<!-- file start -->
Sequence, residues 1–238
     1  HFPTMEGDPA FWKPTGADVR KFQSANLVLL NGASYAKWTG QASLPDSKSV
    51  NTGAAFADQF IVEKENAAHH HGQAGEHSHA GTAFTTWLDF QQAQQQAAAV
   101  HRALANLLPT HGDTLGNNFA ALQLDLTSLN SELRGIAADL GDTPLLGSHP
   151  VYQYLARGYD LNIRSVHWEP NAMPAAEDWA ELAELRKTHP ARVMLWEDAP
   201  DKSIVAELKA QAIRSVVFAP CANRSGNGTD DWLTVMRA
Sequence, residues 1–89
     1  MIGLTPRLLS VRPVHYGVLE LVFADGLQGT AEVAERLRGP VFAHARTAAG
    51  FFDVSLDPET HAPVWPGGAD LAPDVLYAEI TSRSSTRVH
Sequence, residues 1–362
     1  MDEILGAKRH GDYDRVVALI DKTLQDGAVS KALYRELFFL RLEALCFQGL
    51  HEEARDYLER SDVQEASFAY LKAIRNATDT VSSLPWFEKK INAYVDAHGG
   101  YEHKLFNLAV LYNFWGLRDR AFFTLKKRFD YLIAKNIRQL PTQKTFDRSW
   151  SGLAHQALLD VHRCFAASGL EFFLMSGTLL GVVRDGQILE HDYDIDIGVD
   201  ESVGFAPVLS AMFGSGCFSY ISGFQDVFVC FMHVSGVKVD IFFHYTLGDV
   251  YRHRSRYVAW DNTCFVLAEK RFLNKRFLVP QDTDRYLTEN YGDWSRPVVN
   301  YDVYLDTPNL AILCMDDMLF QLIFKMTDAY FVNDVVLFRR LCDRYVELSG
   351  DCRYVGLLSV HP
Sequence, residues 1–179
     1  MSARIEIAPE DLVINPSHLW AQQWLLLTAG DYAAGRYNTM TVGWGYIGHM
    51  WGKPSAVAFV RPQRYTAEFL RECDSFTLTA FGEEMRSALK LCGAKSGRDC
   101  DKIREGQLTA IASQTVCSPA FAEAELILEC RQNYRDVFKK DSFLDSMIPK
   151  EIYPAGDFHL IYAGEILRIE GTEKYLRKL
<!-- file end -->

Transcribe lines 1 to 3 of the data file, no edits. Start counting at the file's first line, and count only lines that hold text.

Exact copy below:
Sequence, residues 1–238
     1  HFPTMEGDPA FWKPTGADVR KFQSANLVLL NGASYAKWTG QASLPDSKSV
    51  NTGAAFADQF IVEKENAAHH HGQAGEHSHA GTAFTTWLDF QQAQQQAAAV